Rhetorical Analysis of “Where I Lived, and What I Lived for” by: Henry David Thoreau

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In Where I Lived and What I Lived For, Henry David Thoreau expresses his disdain for the impostor way of life that everyone lives and his desire to live a simpler, more natural existence. He uses rhetorical strategies such as alliteration and metaphors to convey his attitude toward life and his belief that the ideal way of life is the one that has always been meant for everyone. As a transcendentalist, Thoreau’s perspective on life is distinct and simple compared to others’, and he believes that everyone should mind their own business and let things happen naturally. Thoreau plans to begin a new life that embodies the true significance of life, where essence and originality remain intact.

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Rhetorical Analysis of “Where I Lived, and What I Lived For” Through paragraphs 7 and 8, Henry David Thoreau utilizes certain rhetorical strategies to convey his attitude toward life, generally being that he dislikes the impostor way of life in which everyone lives now. His message through this writing of his is that he plans to actually “live” the ideal way of life, which is the way of life that has always been meant to be for everyone.

Written during the 19th century, while the movement of transcendentalism was developed and active, Thoreau considered himself a transcendentalist, influencing him to write this literary piece, and his thoughts and perspective of life within it. Targeting an attentive, intellectual, and mature audience, he describes his attitude toward life through composition of rhetorical methods, such as alliteration and metaphors. On paragraph 7 in his first sentence, Thoreau says that we should live, really and simplistically, with and just as Nature does.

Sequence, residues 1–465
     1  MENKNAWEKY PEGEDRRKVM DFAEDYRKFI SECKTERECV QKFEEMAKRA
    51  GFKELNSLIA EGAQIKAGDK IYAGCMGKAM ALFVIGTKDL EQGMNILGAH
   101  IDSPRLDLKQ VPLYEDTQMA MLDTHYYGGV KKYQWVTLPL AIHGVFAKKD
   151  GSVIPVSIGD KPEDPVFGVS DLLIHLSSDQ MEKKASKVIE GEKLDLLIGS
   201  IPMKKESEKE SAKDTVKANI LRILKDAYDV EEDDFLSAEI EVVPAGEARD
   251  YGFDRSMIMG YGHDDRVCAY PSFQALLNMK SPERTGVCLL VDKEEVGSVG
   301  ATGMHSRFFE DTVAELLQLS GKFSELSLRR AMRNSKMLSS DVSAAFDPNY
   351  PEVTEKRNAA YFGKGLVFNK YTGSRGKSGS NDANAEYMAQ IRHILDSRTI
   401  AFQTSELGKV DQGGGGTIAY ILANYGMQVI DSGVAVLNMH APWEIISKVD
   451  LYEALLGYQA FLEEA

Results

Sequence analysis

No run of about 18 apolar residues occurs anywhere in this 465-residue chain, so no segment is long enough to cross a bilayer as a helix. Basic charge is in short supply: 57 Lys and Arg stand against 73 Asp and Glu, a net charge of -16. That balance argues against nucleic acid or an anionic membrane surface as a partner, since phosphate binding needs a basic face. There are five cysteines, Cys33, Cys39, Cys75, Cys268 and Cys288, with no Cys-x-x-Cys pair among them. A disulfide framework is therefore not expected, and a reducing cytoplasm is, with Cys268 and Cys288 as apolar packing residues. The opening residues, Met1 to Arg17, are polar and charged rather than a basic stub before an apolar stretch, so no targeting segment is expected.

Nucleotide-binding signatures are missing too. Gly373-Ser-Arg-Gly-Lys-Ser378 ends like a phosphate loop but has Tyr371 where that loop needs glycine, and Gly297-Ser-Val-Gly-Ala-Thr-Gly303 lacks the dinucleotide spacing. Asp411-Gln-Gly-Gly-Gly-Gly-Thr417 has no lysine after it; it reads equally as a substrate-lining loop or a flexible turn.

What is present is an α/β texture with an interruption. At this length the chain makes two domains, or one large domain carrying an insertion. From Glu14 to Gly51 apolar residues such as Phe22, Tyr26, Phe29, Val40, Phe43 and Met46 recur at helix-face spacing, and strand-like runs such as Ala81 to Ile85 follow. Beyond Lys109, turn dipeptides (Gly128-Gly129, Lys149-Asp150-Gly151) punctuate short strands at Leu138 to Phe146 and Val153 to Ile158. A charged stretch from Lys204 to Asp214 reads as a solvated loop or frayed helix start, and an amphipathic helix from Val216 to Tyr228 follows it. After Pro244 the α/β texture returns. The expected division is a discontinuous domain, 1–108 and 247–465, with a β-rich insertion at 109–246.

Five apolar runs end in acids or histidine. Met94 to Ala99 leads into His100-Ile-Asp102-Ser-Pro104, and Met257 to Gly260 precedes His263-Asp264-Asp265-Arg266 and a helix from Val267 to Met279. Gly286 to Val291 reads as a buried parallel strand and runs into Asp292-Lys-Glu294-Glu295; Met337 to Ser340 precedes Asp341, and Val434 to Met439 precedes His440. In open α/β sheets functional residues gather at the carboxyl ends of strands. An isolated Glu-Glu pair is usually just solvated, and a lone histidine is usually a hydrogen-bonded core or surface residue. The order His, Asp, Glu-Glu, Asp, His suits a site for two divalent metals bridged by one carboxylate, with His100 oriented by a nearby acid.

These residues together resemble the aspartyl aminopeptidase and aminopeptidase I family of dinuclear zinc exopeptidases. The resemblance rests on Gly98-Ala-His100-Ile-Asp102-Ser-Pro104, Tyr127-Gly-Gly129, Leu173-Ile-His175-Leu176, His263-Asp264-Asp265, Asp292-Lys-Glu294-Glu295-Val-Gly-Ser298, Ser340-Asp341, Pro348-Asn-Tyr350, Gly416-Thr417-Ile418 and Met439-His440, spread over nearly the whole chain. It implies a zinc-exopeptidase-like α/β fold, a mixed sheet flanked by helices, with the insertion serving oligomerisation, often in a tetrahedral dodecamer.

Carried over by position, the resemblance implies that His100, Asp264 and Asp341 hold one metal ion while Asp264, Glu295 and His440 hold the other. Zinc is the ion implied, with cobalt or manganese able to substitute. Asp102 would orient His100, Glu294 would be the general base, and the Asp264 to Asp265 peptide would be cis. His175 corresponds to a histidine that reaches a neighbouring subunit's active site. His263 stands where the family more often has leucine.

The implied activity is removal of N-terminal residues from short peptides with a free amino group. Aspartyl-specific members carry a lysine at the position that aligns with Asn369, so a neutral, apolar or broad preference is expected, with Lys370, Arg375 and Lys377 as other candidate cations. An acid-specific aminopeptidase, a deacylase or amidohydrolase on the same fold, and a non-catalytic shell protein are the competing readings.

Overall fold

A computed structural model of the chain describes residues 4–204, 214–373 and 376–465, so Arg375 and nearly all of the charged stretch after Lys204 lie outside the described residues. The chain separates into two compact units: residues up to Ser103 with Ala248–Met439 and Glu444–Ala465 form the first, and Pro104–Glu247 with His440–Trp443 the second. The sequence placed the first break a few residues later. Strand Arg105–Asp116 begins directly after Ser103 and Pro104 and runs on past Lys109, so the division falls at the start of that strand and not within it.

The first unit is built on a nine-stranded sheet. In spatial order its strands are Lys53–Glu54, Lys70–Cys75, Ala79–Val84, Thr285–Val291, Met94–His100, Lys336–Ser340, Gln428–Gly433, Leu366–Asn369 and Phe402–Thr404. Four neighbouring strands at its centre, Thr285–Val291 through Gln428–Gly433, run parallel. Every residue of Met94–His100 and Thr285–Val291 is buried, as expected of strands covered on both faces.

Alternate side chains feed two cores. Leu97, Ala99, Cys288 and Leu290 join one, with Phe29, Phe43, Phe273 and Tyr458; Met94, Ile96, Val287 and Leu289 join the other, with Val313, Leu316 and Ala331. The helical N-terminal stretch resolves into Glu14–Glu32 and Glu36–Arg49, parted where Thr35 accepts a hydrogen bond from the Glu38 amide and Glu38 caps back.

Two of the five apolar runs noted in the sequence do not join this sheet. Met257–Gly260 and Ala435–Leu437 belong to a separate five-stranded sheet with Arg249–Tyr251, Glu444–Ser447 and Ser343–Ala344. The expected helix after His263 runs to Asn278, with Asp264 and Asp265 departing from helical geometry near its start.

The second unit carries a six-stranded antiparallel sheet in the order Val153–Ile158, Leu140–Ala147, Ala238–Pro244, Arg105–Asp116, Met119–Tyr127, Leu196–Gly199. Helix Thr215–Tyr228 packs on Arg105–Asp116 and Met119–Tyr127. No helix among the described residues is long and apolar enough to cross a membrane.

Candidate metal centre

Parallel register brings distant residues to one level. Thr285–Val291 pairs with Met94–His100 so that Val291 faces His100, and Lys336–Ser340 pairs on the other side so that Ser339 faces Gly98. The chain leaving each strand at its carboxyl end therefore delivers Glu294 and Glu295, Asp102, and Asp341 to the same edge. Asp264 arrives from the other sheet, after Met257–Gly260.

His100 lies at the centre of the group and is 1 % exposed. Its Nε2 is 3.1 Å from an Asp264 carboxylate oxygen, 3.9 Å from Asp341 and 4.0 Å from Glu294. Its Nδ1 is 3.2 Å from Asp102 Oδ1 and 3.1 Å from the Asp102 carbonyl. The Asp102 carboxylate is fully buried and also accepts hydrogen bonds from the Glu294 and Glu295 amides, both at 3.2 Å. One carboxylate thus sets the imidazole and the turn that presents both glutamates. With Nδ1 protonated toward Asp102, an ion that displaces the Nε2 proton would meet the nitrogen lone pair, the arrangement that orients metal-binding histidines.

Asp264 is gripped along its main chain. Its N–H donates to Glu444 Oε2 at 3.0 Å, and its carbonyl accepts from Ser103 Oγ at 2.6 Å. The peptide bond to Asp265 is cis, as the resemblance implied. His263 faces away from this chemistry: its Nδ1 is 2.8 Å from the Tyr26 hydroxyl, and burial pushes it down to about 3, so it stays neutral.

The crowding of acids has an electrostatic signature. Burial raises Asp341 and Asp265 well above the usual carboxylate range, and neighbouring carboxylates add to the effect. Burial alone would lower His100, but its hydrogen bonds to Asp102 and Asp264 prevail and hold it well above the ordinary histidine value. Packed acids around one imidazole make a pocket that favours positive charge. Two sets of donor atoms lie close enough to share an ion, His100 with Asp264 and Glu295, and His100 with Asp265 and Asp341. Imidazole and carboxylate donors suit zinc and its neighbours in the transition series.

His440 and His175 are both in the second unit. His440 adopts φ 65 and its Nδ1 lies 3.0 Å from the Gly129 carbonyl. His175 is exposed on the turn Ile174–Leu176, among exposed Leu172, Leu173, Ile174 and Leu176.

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In the alliterative phrase, “freshet and frost and fire,” Thoreau expresses that no matter what setting or situation you are in, you should work for that ideal and pure way of life that has no unnecessary concepts and things in it. Theses rhetorical strategies demonstrate his approach toward life, being that he can only Live with how life treats him, and not treat it to live what cannot be considered Life anymore. On paragraph 8, Thoreau says, “Time is but the stream I go afishing in. With this metaphor, he expresses that time is shallow and mysterious. The stream he mentions is eternal and questionable, but yet so ideal. “I have always been regretting that I was not as wise as the day I was born. ” This other metaphor is used to explain that as babies we were actually living ideally and truly, because we would not stain our lives with things like wondering why something happened. We would just live along with the ways in which life affected us.

We would not worry about what life would bring us next, for we would not ever think about changing it and making it more complex, full of falseness and deception. In conclusion, Thoreau mainly uses alliteration and metaphors to display his attitude toward life. As considering himself a transcendentalist, he was greatly influenced by this philosophical movement, and therefore looked at life in a certainly distinct and simple manner, compared to others’ looks upon life and the way it should be lived.

He believes that nothing should be changed due to the ways in which we perceive things and one another. According to him, everyone should mind their own business and let things that are supposed to happen, or that will happen no matter what if nothing is done to change it, happen. He plans to begin a new life, being the one in which he will actually Live, for this new life of his is the true significance of Life, where essence remains essence, and originality remains originality.

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Rhetorical Analysis of “Where I Lived, and What I Lived for” by: Henry David Thoreau. (2016, Dec 09). Retrieved from


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